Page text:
Holographic color printing for optical security

Posted: 08 Jan 2019 06:51 AM PST

Researchers have invented a new type of anti-counterfeiting device that can be useful for counterfeit deterrence of important documents such as identity cards, passports and banknotes.

Flies release neuronal brakes to fly longer

Posted: 08 Jan 2019 06:50 AM PST

In a new study, researchers describe how groups of different neurons connect up to make insect flight possible for longer periods.

Drinking water guidelines in the US vary widely from state to state

Posted: 08 Jan 2019 06:50 AM PST

In response to the growing problem of drinking water contaminated with per- and poly-fluoroalkyl substances (PFAS), a new analysis shows that many states are establishing their own guideline levels for two types of PFAS--PFOA and PFOS--that differ from federal guidelines.

How common pain relievers may promote Clostridium difficile infections

Posted: 08 Jan 2019 05:44 AM PST

Clostridium difficile causes the most common and most dangerous hospital-born infections in the United States and around the world. People treated with antibiotics are at heightened risk because those drugs disturb the microbial balance of the gut, but observational studies have also identified a link between severe C. difficile infections and use of NSAIDs, or non-steroidal anti-inflammatory drugs.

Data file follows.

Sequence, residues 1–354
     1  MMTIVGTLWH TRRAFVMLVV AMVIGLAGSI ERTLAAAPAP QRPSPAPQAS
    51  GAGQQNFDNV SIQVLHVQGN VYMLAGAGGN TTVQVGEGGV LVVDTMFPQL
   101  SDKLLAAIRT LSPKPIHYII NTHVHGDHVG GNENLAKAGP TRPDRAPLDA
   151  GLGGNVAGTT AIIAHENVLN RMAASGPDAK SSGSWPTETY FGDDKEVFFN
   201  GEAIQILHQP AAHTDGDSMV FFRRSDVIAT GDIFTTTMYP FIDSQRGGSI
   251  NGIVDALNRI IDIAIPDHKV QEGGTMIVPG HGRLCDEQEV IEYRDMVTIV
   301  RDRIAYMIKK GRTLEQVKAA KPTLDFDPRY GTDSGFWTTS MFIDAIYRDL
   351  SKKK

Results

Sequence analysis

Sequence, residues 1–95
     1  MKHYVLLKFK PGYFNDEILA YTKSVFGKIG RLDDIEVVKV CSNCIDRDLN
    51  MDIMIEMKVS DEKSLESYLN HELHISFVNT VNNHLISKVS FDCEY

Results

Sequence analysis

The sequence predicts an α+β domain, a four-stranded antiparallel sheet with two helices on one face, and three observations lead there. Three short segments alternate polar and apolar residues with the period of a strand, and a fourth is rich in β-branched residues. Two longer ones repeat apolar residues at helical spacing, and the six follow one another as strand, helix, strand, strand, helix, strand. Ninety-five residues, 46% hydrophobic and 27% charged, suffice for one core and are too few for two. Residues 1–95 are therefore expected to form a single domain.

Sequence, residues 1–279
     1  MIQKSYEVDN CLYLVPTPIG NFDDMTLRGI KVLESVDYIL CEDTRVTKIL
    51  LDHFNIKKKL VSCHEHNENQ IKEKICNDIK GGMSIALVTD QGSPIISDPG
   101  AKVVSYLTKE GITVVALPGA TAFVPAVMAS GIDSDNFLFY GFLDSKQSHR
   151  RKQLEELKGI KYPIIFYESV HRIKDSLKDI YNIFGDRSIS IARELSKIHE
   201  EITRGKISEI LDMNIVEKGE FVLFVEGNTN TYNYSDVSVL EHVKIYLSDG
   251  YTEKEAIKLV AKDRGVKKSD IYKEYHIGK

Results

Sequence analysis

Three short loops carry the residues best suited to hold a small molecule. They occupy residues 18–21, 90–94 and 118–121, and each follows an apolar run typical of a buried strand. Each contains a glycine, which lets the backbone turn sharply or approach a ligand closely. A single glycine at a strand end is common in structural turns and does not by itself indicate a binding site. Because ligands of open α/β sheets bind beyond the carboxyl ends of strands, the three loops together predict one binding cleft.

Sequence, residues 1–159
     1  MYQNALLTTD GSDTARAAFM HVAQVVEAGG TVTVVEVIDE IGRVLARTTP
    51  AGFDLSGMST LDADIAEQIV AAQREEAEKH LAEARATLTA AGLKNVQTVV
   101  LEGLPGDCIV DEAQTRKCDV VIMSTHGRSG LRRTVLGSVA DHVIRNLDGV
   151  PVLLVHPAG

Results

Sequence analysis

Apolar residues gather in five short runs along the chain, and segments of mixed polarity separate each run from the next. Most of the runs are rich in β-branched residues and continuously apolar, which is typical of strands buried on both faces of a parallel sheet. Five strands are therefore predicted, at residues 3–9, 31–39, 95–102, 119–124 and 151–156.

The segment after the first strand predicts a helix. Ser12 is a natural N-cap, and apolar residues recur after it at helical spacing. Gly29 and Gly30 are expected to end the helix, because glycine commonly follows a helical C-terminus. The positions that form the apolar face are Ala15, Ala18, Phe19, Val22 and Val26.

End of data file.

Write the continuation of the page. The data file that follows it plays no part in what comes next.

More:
High-fat diets appear bad for blood pressure in younger males and females

Posted: 08 Jan 2019 05:44 AM PST

There's more evidence that a high-fat diet is bad for both younger males and females, but exactly how it's harmful may differ between the sexes, scientists report.

Roaming cats prey on their owners' minds

Posted: 08 Jan 2019 05:44 AM PST

Many cat owners worry about their pets wandering the streets, but perceive cats hunting mice and birds to be unavoidable instinct, researchers have found.